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Is Trump Immigrant Order Repeating History? An Attorney Says Maybe

Statue of Liberty - immigration -citizenshipA Dallas constitutional law attorney says President Trump’s temporary ban on immigrants and refugees at airports nationwide is extreme, but not without historical precedent, according to a post published by Androvett Legal Media & Marketing.

Issued Friday, the executive order prevents citizens of seven Muslim-majority countries from entering the United States for three months. He also placed the U.S. refugee program on hold for four months. The order launched massive protests at airports in major cities across the country and brought attorneys together to offer free legal support to detained travelers.

But attorney David Coale of Lynn Pinker Cox Hurst says that presidents have conducted similar actions in the past:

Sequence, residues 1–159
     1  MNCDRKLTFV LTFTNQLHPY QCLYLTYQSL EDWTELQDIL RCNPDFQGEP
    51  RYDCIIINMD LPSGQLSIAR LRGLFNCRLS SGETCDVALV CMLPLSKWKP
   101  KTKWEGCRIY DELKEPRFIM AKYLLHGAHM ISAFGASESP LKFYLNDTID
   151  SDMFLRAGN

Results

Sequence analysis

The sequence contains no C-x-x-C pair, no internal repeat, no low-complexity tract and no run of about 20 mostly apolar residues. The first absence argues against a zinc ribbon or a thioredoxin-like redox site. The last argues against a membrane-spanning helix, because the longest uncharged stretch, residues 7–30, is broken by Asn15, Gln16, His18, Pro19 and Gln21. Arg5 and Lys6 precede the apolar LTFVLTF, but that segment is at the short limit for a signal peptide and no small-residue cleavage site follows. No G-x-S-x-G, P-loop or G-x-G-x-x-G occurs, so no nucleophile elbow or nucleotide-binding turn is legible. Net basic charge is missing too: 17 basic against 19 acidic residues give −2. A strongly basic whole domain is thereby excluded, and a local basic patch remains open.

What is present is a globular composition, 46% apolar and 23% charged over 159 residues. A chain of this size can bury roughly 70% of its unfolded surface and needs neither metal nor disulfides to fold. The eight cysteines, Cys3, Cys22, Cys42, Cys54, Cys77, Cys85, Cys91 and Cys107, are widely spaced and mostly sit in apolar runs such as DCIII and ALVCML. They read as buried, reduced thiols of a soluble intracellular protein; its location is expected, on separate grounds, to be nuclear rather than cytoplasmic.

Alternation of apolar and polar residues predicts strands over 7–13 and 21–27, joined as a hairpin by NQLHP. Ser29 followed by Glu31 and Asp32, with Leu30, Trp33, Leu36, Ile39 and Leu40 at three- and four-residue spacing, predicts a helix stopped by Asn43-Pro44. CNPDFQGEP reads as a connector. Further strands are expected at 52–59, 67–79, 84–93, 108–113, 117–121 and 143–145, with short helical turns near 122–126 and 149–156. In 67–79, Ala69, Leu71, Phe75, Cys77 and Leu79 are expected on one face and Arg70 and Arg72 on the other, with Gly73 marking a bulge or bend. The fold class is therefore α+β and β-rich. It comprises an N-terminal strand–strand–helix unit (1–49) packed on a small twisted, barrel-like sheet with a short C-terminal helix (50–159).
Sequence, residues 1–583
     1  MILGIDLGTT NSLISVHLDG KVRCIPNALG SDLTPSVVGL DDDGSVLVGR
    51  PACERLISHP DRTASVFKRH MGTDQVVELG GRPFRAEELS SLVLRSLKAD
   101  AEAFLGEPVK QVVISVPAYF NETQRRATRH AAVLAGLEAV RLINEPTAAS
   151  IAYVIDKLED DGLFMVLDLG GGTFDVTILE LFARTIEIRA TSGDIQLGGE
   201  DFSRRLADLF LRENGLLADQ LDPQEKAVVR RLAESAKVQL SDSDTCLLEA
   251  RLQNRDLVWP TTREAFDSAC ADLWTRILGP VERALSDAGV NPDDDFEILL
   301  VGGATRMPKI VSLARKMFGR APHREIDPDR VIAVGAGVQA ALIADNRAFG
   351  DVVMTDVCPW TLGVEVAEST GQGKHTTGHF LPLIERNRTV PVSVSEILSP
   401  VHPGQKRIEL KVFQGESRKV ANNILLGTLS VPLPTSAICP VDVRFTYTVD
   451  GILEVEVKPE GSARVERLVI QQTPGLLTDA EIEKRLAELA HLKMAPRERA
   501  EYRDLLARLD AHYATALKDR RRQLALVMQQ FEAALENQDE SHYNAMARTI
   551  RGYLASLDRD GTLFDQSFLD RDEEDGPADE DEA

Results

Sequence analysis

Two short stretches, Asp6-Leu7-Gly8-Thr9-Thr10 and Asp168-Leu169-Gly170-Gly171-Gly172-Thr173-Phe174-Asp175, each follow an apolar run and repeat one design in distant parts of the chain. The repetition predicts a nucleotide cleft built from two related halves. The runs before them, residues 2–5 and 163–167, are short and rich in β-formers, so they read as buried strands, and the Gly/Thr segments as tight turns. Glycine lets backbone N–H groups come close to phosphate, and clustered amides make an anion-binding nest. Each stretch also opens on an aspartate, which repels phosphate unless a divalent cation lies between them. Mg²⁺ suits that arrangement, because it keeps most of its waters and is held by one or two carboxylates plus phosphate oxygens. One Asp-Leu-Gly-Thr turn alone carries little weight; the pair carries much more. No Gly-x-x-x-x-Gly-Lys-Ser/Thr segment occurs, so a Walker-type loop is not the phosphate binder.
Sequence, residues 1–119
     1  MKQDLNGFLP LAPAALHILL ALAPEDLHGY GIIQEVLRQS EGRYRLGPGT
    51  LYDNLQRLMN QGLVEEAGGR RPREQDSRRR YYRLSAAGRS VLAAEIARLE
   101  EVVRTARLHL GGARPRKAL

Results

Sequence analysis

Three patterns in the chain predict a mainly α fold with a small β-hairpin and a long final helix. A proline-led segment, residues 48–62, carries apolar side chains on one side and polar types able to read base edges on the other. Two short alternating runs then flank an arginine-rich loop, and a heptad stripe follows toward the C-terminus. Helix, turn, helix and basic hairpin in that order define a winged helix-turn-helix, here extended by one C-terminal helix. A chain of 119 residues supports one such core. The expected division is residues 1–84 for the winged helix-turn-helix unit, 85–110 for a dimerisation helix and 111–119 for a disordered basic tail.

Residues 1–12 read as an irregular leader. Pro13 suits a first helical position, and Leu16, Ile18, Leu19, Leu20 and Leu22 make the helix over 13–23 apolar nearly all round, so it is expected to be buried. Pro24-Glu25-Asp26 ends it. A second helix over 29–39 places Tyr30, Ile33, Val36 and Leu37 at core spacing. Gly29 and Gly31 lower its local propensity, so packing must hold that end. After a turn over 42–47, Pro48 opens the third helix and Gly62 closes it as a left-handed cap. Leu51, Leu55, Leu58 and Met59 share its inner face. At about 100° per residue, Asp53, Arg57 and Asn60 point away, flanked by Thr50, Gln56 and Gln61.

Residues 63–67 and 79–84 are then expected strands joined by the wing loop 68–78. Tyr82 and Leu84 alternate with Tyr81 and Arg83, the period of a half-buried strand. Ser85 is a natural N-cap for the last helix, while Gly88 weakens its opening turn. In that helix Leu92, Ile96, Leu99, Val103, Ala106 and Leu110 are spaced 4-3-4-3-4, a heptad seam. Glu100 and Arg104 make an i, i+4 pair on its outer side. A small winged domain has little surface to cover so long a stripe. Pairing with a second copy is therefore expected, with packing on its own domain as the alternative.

“There is a very broad 1952 statute that lets the president suspend entry by classes of aliens for security reasons. But a 1965 statute imposes anti-discrimination limits on the executive branch in how it implements immigration policy. But beyond that, there is not a lot of case law to go. More modest bans have been allowed by courts, but with caveats that indicate they were thinking about a possibility such as this. Jimmy Carter did something vaguely like it in 1980 during the Iran crisis by requiring Iranians here on student visas to report to immigration officials, but it is a big leap from his limited action to this one. I think that once the temporary ban ends, however, the ‘extreme vetting’ in the current order will be DOA. The First Amendment prohibits government action that favors one religion over another, and the current executive order clearly does so by giving non-Muslims priority status.”

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